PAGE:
Choosing Swimsuits to Fit Your Bust Size and Type
Mar 17, 2016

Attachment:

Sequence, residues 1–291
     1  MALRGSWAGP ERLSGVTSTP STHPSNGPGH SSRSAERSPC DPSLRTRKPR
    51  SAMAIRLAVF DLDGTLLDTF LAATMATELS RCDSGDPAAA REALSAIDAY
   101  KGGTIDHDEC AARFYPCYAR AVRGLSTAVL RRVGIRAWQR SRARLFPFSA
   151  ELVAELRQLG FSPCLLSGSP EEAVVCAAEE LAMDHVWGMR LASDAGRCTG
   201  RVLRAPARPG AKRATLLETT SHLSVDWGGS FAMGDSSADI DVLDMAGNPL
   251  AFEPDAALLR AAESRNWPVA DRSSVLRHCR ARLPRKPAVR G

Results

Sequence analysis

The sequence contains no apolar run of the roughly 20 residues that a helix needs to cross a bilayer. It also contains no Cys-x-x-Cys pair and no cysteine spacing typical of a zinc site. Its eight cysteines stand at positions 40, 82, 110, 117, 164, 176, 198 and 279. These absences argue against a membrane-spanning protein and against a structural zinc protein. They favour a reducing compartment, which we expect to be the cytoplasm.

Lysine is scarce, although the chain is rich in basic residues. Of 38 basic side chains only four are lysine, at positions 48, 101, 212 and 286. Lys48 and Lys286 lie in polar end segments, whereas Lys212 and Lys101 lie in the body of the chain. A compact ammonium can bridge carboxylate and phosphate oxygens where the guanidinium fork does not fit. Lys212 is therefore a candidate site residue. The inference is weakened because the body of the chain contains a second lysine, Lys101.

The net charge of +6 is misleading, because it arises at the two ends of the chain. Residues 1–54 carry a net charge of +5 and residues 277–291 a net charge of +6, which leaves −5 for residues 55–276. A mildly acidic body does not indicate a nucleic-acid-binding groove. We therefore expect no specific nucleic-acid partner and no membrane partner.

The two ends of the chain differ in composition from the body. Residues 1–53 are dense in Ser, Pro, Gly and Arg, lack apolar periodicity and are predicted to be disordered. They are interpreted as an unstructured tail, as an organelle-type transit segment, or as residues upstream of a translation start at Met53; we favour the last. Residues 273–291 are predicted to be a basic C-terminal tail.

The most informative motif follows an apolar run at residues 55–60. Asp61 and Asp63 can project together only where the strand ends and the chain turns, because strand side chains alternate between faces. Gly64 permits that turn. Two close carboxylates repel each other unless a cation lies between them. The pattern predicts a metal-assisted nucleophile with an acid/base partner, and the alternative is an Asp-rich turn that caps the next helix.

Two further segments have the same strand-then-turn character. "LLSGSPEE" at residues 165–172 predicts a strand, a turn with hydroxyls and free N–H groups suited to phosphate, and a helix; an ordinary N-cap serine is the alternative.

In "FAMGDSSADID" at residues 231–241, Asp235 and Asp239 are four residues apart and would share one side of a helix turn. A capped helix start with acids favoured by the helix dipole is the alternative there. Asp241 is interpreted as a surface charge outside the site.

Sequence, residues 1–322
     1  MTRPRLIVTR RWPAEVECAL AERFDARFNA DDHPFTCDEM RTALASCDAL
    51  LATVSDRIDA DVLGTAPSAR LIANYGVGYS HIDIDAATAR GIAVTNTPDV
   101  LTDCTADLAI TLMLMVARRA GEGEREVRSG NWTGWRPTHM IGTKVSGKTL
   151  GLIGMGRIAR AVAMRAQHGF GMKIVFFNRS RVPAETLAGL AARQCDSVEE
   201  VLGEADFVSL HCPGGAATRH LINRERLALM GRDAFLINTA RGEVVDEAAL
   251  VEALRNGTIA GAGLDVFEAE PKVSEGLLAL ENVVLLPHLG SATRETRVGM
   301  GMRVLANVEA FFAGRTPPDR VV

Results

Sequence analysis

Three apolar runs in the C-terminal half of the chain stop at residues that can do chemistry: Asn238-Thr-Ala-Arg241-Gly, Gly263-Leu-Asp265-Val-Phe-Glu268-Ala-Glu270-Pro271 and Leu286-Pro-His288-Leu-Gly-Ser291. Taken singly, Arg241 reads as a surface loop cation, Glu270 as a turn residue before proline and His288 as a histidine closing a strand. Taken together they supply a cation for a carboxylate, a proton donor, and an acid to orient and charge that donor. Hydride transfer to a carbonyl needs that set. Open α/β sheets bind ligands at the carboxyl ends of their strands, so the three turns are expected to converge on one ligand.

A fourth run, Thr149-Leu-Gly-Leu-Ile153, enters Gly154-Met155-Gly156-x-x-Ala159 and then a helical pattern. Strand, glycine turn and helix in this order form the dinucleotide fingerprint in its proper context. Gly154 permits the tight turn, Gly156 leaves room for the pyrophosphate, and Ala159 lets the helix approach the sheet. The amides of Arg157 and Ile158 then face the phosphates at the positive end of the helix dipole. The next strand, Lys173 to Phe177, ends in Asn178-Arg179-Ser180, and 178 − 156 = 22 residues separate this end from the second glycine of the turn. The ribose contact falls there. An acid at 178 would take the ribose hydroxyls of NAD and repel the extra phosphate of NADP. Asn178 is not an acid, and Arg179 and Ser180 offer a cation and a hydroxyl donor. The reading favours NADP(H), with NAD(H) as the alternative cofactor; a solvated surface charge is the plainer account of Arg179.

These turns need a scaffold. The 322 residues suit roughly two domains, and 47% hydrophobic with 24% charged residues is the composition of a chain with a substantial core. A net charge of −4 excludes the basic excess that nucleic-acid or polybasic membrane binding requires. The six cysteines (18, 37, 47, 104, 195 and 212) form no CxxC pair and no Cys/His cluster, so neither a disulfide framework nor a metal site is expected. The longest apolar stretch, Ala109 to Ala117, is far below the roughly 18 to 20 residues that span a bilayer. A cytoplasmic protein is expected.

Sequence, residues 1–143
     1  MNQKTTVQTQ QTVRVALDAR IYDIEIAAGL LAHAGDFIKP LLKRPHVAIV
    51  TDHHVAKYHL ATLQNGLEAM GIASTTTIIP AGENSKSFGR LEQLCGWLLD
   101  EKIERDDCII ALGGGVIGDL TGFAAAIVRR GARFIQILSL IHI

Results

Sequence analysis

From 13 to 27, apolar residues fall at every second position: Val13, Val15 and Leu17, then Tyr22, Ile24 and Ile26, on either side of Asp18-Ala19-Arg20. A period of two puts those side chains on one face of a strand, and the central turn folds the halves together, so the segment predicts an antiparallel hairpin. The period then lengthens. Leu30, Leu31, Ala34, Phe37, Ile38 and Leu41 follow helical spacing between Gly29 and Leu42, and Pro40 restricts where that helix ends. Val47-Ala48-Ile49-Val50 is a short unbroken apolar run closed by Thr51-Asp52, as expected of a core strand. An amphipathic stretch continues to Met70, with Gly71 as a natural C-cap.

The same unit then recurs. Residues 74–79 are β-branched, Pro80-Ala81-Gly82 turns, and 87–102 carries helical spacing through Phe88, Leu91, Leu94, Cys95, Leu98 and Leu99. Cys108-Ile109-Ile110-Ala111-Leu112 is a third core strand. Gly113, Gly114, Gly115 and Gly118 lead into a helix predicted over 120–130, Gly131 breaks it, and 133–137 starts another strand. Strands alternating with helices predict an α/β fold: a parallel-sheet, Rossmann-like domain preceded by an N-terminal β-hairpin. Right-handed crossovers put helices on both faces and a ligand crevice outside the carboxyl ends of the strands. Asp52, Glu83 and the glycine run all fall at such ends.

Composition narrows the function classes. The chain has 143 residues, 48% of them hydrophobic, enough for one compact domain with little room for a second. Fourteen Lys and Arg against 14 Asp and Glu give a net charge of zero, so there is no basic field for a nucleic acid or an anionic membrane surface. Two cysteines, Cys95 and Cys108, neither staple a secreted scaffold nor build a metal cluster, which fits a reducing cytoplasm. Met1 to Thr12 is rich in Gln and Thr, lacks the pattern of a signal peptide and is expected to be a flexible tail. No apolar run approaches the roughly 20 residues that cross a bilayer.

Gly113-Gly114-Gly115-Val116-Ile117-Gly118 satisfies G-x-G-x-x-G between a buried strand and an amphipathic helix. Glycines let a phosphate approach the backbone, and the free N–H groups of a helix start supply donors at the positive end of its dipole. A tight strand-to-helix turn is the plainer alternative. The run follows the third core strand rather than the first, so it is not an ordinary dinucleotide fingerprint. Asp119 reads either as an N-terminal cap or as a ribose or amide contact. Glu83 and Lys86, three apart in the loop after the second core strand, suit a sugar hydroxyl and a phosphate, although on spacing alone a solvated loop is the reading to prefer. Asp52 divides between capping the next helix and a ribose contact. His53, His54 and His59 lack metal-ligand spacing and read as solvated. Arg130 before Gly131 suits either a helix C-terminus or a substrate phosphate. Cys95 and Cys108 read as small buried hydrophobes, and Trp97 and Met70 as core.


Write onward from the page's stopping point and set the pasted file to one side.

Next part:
Women's breasts come in diverse forms and proportions. Beyond cup size, various physical features including placement, shape, width, and length affect your bust's appearance. Identifying your unique bust type will help you choose the most appropriate plus-size swimwear styles for the best fits and looks. Factors contributing to your chest style may involve: Genetics: Because genes influence hormones levels, they affect breast characteristics including tissue, density, size, skin, and appearance. Age: Fibrous structures supporting young breast tissue may weaken over time. Eventually, breast tissue needs added support against gravity. Declining tissue strength makes them sag and droop. Weight: Depending on tissue density, all breast sizes can enlarge and decrease along with overall body proportions as weight changes. Breastfeeding: Bosoms that swell during pregnancy and nursing may deflate after weaning. Possible culprits are fluctuating hormones and skin stretched over engorged mammaries that doesn't contract fully to prior firmness. East/West Divide Breasts that point outward and gravitate away from your chest's center establish an east/west gap. This Becca Etc. tankini with stretch foam cups will smooth over your shape while tying the angled halter straps around your neck will draw in your bust. Side Set Fuller busts than the above east/west style that spread outward from your spinal column produce a wide side-set separation. Choose plunging necklines like this Cole of California low-cut cross-strap tankini to hoist up and push in your bust. Conical Despite a typical breast base at the chest wall, this type is more cone-shaped than round. The conical category may not fill out cup side portions, so they appear too big. This occurs most often in smaller A-C cup sizes. A bandeau bra swimsuit like this one from La Blanca will compress pointed breast tissue for a more natural curve. Push-up styles that lift underneath and press breasts inward from the outer sides will provide fuller looks and cleavage. Avoid unstructured swim tops without shaping. Bell Shape Thinner upper breasts round out to fuller curved bottoms in bell shapes. They also have more length than width. This Anne Cole twist-front tankini with cups offers supportive lift while cradling. Skip balconette styles that might allow too much excess to spill out and over your top. Slender This style resembles the previous bells while being the smaller version. Slimmer above than below, slender busts also have less width than length. Relatively small cups are typical. Slip push-up pads into this halter with plunging neckline from Night and Day to boost your size with lift. Reduced Projection Although a standard cup size accommodates your breast base's circumference, you don't have enough volume to fill it fully. That reduced projection can cause swim tops to pucker or wrinkle. Choose the correct cup for your under-bust crease. Instead of rigid materials, select flexible fabric like this stretchy halter bandeaukini from Anne Cole to mold smoothly around your curves. Or try bra inserts to spread your breast tissue into empty spaces. Asymmetric Nearly all women's breasts vary somewhat in form or shape. But when one is noticeably bigger and the other much smaller, you have asymmetric breasts. Health-related causes include injuries or illnesses during breast development and menopausal hormonal changes that cause uneven expansion. A mismatched set will benefit from a patterned tankini with tiered ruffles, like this one from Kenneth Cole Reaction, to disguise the difference. Or insert a silhouette enhancer to boost just the underdeveloped side for a matching appearance. Most Versatile Forms Round: Equally full breast tissue from top to bottom and side to side are round. Luckily for you, designers create the most styles for this coveted form. Since nature or breast implants blessed you with this ideal shape, most swimsuits will fit you perfectly. Cups, structuring, support, and padding aren't necessary. So you can go for a variety of thin, unlined swimwear styles that offer light coverage. Teardrops: These rounded mounds are slightly fuller underneath than higher up your chest. Another classic category, teardrops give you ample freedom to select from many popular styles. Full-coverage maillots and supportive swimsuits with wide, comfortable straps will flatter these bottom-heavy breasts. To find other fabulous fashions for your shape, visit Swimsuits Direct. Check out the Plus Size tab. Shop by swimwear styles from maillots to two pieces and tankinis to halters. Or search by brands, sizes, or prices. You'll also find accessories including cover-ups, beach bags, sunglasses, and sandals to complete your becoming look.